This novel is another late edition to Maupin’s Tales of the City. I read it a bit for old times’ sake and a bit because I really liked his last novel, Michael Tolliver Lives. I thought this one might be fun too.
Mary Ann in Autumn
Armisted Maupin’s latest novel, Mary Ann in Autumn (304 pages, Harper, $25.99), tells the story of an older Mary Ann, now separated from her wealthy husband, who returns to San Francisco to be with her old friends as she faces a serious operation for ovarian cancer. Maupin hauls out all the old characters from Tales of the City. Michael Tolliver, Anna Madrigal, Shawna and others are back, and, as we discovered in Michael Tolliver Lives, they have a lot of life in them yet.
This volume includes a bit more of the lurid side of Tales of the City. The pedophile Norman is back, with a vengeance, and Mary Ann has to confront some of the gloomier hosts of her past. For me this feature of the novel creaked just a bit—it seemed almost quaint that Maupin would try to resurrect all that ghoulishness. But then he always had quite a light touch with it, and he does here too.
What’s new is a deeper interest in transsexuality. That was always there, of course, with Anna Madrigal as an early example of M to F transition. Well, she is now serving as mentor and house-mother to a young F to M trans character named Jake. Jake’s struggle to realize his new male identity, and his confusion when he is actually taken as a man, a gay man, by a visiting Mormon crusader, makes an engaging side plot. And of course Jake’s desire for a hysterectomy can be played against Mary Ann’s dread of one, and Maupin does play them against each other with good effect.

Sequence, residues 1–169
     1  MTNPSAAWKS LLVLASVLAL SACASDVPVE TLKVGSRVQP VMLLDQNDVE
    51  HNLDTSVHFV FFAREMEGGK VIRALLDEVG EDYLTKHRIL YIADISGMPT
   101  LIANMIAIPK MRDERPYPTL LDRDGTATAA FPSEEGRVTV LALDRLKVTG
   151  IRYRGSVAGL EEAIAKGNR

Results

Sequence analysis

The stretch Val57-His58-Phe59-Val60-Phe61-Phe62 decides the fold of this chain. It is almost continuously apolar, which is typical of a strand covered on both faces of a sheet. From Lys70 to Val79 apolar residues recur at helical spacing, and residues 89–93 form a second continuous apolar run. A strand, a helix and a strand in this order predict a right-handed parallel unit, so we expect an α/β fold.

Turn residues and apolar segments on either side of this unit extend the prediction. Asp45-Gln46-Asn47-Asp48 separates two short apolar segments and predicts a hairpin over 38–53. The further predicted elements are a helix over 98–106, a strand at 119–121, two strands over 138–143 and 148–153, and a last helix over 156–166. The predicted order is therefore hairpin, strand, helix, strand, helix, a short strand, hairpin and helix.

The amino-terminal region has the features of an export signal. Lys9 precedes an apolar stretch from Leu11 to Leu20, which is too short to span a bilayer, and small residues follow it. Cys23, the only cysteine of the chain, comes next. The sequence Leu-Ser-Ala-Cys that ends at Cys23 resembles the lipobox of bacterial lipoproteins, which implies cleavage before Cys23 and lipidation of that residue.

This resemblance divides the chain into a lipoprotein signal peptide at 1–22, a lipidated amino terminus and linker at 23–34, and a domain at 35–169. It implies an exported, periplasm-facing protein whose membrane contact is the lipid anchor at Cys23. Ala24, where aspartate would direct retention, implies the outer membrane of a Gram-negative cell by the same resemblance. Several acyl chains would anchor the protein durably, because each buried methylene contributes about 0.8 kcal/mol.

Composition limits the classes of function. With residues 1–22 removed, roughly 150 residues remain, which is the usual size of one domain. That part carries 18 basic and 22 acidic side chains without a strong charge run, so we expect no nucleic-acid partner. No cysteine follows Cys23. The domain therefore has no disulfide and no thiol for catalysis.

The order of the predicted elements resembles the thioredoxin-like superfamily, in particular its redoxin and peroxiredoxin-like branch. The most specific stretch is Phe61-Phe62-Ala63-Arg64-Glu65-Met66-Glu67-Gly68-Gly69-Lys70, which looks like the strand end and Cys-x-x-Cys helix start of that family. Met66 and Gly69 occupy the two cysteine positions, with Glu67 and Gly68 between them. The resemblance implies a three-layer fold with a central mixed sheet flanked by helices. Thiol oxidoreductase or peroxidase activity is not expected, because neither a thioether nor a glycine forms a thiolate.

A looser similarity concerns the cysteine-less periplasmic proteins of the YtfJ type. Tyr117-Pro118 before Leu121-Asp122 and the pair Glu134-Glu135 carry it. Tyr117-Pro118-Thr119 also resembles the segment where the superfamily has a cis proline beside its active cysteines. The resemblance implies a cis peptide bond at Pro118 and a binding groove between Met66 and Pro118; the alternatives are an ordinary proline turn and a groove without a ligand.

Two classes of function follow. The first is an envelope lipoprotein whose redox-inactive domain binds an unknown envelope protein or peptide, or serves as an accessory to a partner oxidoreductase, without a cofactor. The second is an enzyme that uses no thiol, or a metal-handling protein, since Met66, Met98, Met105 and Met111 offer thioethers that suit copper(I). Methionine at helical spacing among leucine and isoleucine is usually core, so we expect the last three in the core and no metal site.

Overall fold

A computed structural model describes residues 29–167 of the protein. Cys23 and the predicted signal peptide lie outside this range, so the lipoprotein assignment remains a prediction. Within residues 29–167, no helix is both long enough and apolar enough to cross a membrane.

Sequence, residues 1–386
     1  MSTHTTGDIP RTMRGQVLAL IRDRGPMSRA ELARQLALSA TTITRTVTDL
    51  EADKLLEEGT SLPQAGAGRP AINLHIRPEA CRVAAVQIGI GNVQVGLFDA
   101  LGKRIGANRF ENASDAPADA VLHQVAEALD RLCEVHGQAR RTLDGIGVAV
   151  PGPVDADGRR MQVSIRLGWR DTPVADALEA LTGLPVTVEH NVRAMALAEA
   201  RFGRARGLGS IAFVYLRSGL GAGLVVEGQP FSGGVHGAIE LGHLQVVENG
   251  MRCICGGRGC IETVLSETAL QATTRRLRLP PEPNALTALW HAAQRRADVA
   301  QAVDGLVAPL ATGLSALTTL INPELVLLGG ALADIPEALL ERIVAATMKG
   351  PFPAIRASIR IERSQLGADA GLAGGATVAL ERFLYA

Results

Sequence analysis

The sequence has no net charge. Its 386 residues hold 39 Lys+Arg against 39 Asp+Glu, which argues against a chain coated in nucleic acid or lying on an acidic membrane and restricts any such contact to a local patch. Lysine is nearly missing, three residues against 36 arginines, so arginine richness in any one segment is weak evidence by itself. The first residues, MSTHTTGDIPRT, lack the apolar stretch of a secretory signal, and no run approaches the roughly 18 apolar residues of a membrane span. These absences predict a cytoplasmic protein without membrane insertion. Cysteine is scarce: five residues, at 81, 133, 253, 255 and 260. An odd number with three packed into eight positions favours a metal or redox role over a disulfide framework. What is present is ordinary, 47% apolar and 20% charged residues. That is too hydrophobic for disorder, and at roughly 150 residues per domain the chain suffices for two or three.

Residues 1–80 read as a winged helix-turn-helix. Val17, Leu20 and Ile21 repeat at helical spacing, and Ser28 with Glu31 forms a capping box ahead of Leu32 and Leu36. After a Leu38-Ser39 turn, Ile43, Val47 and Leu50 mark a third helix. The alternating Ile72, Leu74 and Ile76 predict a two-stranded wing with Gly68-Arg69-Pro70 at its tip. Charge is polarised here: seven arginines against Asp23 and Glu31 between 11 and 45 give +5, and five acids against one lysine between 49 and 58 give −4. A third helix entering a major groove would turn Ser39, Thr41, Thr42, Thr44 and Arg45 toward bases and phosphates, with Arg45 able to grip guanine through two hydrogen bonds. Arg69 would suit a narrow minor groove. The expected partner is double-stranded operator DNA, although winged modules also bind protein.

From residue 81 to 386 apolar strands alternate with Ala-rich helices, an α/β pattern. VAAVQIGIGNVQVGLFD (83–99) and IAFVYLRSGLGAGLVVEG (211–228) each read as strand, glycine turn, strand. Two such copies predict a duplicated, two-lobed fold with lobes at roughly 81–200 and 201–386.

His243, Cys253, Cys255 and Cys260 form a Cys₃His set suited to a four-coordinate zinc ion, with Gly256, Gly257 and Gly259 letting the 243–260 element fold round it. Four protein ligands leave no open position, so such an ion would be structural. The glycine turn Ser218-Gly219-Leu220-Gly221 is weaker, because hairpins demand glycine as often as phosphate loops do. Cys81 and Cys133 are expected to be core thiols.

I looked on Amazon.com to see what readers are saying, and they seemed to be thrilled at this resurrection of the characters and the prospect of even more novels in the series. I can’t say that I share this enthusiasm. I’d like to see Maupin devote his considerable talents to writing novels that take us beyond this narrow and circumscribed world of Michael Tolliver and his friends. I am as happy as the next reader to see Michael as a slightly overweight and happily married sixty-year-old. But the petty difficulties that beset Michael’s relationship with the much younger, and very charming, Ben are only mildly interesting.
There is a terribly strong valedictory feeling about this novel, and a sense that nothing is really new but only reworking of things that have already happened. The San Francisco, moreover, that Maupin’s characters seem bent on rediscovering is not really the city as it exists in the twenty-first century. I think Maupin could do more to make the contemporary city come alive.
Suddenly I feel like I am sounding cranky about this novel, and I don’t mean to be. I quite liked it, and I know I would read another in the series should it be published. I also feel that we have had more than enough of these characters, and I would encourage this wonderful writer to try something else as he reaches the peak of his career.
Mary Ann in Autumn is available at Powell's, Vroman's and Amazon.